An important word that everyone should understand is “intestate.” That’s legalese for “without a will.” When somebody dies intestate, it is state law – not anything surviving family members might want – that governs how the estate is divided up.
A so-called ordering statute determines who inherits, and in what order. In most states, the surviving spouse is first in line, followed by direct descendants. If there are no surviving children or grandchildren, then other relatives, such as siblings, cousins, nephews and nieces, may get a piece of the estate. North Carolina takes the spouse-first principle a step further. In this state, you cannot disinherit your spouse! People think they can write a spouse out of a will, but that’s not permitted. A will that disinherits a spouse will be challenged, and likely overturned.
Another aspect of the state’s intestate law is that if no executor is named, the heirs will have to wait for the court to appoint someone. As in the example I mentioned earlier, that delay can cost the estate precious time during which assets can disappear or be misused.
I have seen too many situations in which, instead of mourning a parent or other loved one, the surviving relatives get into bitter arguments about who should get what. Often those fights deteriorate into conflicts about who loved or didn’t love whom, and how much. It’s common to have shouting matches about “fairness” and other highly emotional matters. At worst, these situations can lead to lawsuits and permanent bitterness among relatives. That’s where an independent executor like Old North State Trust helps to minimize infighting by having a disinterested third-party involved. We can do the heavy lifting and keep things in perspective for everyone involved.
It’s amazing how death can often bring out the worst in people. I urge everybody to consider whether you want this sort of thing to happen in your family after you’re gone. Will your relatives recall you warmly, or will your funeral become a source of bad memories?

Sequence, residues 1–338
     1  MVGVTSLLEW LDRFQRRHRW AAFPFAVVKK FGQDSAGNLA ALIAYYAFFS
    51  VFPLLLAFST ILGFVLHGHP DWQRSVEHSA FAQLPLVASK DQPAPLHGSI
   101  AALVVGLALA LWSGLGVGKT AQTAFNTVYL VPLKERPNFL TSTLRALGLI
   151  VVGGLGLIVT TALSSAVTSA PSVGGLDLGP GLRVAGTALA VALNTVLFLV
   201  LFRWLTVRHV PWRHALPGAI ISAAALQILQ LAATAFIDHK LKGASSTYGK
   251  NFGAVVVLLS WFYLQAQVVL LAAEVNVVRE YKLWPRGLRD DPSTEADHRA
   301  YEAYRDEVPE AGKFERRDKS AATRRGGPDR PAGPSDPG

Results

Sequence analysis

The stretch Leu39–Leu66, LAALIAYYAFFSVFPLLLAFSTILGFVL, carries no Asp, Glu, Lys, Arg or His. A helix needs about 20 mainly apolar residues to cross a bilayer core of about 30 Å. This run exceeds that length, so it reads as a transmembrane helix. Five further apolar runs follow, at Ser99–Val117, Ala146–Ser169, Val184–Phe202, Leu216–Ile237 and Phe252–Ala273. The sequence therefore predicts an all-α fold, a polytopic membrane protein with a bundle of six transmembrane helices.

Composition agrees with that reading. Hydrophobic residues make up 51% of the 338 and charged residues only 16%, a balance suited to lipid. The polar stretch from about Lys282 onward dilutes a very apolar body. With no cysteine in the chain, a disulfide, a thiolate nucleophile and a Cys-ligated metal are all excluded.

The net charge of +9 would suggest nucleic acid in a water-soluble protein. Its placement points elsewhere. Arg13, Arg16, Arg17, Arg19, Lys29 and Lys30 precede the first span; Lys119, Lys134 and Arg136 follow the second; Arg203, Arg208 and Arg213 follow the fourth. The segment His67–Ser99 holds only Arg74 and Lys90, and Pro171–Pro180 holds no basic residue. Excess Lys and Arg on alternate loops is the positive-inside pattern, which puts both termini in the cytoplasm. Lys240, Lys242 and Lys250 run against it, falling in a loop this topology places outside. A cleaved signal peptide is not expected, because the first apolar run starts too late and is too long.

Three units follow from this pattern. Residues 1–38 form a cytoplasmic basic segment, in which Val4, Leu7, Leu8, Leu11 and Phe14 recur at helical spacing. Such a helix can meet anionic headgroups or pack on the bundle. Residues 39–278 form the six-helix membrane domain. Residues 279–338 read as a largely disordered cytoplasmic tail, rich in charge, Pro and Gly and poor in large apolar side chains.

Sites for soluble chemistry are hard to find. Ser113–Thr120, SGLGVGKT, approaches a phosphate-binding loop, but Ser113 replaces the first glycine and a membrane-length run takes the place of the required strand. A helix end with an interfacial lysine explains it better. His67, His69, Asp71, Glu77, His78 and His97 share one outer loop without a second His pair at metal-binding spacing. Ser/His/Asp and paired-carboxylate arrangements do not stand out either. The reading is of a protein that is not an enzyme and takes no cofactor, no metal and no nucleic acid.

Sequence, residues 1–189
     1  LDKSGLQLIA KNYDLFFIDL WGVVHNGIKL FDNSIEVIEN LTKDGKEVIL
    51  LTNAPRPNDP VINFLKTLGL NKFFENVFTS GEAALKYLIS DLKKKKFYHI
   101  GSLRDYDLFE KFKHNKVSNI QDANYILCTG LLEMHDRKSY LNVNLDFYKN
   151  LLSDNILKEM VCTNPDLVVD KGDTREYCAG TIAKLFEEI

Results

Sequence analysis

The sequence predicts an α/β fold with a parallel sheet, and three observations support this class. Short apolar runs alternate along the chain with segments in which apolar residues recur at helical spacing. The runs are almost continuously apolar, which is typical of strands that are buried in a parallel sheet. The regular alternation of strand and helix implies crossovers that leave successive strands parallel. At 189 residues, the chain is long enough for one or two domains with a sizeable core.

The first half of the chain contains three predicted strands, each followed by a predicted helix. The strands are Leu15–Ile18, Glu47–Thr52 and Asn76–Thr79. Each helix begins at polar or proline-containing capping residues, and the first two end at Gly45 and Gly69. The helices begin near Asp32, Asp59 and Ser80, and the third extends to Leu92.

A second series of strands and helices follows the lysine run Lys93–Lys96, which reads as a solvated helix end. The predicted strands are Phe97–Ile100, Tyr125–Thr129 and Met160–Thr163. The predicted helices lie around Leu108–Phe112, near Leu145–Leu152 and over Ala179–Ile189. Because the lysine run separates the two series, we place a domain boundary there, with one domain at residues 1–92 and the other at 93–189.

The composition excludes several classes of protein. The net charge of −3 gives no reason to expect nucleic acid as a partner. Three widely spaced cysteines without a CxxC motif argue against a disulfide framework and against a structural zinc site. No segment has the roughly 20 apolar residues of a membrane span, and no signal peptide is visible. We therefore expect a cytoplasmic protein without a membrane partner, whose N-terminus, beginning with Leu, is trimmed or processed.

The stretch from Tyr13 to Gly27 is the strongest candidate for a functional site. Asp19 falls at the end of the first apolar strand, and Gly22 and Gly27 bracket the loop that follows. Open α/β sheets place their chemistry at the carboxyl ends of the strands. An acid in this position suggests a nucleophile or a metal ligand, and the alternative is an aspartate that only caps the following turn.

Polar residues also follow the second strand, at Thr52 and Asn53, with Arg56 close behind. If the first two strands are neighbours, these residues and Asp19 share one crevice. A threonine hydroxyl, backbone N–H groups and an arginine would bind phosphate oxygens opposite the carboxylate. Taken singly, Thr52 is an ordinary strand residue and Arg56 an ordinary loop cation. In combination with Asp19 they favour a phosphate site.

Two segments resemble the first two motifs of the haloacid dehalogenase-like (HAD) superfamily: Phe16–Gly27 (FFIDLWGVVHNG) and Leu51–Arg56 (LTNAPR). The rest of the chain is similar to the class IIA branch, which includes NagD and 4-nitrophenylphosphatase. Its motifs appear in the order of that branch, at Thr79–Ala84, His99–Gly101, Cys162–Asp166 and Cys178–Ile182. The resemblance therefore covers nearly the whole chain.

When a family is saying farewell to a loved one is not the time to be worrying about financial issues. Spare your relatives that pain. Write your will, or make sure it’s current and reflects your wishes as they are today.
Old North State Trust, LLC (ONST) periodically produces publications as a service to clients and friends. The information contained in these publications is intended to provide general information about issues related to trust, investment and estate related topics. Readers should be aware that the facts may vary depending upon individual circumstances. The information contained in these publications is intended solely for informational purposes, is proprietary to ONST and is not guaranteed to be accurate, complete or timely.
Susan Willett is the director of trust services and oversees all aspects of trust administration for Old North State Trust, LLC. Old North State Trust, a North Carolina chartered trust company, provides: asset management services; income, estate and trust tax consulting; retirement planning and administration; and trustee and estate services to both individuals and businesses. Old North State Trust professionals have many years of experience and for over a decade have assisted clients in identifying and reaching their financial goals. For more information, visit www.oldnorthstatetrust.com or call 910-399-5470.